Archer felt as though he'd been poleaxed. Struggling to collect his thoughts, he headed for the closest chair and flopped down on the gold and blue striped seat. "I don't understand any of this. Governments don't just walk away from alliances. Not after all of the work we've put into this."

"They do if they had reservations about the alliance from the very beginning."

Fighting to keep his desperation in check, Jon looked up at Shran. "At least tell me how to get ahold of your ambassador." The Andorian shook his head. "Where is this meeting supposed to take place? Maybe…"

"I've already told you too much. If you want to know more, you'll have to find out for yourself." Shran slapped Archer sympathetically on the shoulder. "I have to go. Commander Thalan will be wondering where I am. I could get into a great deal of trouble if he ever found out how much I've just told you."

"Thanks, Shran," Archer said. He felt like a battered, rudderless ship drifting inexorably into dangerous waters. "Don't worry. I'll keep your name out of it."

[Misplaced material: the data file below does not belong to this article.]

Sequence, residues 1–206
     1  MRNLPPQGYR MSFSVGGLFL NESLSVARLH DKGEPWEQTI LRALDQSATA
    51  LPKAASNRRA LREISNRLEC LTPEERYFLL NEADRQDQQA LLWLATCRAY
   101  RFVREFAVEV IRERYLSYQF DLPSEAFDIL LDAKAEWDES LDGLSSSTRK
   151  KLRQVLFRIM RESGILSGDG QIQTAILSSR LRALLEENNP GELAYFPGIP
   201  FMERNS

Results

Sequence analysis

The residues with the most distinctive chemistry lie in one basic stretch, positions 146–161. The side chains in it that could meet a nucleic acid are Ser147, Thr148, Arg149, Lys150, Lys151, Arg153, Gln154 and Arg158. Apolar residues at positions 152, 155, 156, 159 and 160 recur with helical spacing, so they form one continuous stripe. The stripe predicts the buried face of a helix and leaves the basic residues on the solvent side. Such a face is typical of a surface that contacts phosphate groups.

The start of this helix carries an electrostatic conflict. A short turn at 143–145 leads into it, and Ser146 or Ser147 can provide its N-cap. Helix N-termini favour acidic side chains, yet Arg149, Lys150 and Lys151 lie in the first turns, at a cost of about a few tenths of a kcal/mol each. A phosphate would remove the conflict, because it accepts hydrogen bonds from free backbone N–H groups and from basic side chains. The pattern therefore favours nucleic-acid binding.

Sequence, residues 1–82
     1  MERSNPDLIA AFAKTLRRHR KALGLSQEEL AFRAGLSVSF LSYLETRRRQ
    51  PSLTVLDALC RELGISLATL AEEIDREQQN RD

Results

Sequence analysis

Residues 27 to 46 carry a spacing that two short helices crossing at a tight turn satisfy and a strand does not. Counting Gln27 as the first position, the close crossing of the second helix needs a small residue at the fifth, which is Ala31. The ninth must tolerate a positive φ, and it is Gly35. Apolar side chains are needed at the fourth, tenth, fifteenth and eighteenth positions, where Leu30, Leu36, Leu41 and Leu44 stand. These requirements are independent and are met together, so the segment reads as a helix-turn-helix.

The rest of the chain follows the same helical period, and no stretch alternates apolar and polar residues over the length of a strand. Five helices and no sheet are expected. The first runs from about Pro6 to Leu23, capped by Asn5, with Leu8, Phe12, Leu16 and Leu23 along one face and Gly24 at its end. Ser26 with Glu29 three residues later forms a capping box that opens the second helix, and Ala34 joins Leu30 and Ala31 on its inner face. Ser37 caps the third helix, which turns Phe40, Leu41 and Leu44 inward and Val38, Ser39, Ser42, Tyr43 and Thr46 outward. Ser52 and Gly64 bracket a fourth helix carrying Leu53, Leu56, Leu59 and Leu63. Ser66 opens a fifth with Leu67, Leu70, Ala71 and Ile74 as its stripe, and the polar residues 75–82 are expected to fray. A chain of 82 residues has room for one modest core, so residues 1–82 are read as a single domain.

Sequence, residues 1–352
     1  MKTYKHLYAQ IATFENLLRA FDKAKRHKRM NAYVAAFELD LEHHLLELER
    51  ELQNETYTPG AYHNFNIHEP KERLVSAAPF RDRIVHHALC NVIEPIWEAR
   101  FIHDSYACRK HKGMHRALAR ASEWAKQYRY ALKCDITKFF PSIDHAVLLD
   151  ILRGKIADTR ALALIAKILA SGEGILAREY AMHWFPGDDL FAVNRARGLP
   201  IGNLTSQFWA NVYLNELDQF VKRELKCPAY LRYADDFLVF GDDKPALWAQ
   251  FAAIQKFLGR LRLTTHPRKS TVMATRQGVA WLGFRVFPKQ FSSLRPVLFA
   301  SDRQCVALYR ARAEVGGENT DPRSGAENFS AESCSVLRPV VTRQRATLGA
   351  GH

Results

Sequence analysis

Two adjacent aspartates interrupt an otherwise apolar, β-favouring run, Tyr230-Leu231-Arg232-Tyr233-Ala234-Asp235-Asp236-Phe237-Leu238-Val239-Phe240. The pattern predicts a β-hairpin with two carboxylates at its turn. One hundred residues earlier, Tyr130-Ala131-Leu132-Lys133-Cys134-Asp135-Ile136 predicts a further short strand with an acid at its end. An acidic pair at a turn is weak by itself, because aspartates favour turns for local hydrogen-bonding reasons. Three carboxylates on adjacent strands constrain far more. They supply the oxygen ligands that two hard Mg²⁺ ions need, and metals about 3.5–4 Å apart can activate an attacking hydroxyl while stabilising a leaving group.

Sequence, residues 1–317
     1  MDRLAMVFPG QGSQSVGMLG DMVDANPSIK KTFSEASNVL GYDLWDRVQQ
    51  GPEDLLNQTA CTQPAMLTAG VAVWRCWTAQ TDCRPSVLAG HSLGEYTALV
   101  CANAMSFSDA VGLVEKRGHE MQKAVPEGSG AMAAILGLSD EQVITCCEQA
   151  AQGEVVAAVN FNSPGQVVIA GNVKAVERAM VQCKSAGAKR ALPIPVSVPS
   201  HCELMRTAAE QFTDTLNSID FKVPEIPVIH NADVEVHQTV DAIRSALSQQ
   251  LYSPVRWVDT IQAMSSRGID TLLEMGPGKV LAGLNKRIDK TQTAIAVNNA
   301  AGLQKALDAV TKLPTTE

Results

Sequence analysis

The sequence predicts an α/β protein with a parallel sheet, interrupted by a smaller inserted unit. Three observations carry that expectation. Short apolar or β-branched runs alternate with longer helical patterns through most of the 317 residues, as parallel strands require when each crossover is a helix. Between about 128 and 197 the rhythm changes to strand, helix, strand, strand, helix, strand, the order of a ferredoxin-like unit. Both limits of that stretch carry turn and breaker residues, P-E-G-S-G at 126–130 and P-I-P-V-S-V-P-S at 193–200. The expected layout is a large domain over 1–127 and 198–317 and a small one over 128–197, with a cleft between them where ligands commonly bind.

"I'll try and talk to T'Pau and Ambassador V'Lar. Maybe they can get Kiran under control." Archer knew that he should try to sound a little more upbeat, but he couldn't seem to keep the hopelessness out of his voice.

"I wish you luck. It would upset me greatly if I was forced to face you as an enemy one day."

Archer froze. The thought of the Andorians as neutrals was bad enough, but what if the pact they negotiated with the Romulans went beyond non-aggression? What if they became allies and set out to conquer this sector together? Could Starfleet manage to hold the other members of the Coalition together long enough to try and stand against them? And what if the other species deserted them? What would…"

"Take care of yourself, pinkskin."

Roused momentarily from his thoughts of gloom and doom, Archer noticed that the Andorian's hand was outstretched towards him. He managed to mumble, "Thanks again," as the two men shook hands. When he saw the pity in Shran's eyes, he wanted to say something, but the words wouldn't come. Numbly, he watched as Shran turned and left the waiting room. He knew he should get moving. He had a lot of work to do if he was going to try and salvage anything from this screwed up mess. But for the moment, all he could do was sit rigidly, both hands clutching the arms of the chair, while he watched his hopes and dreams for the Coalition turn to dust before his eyes.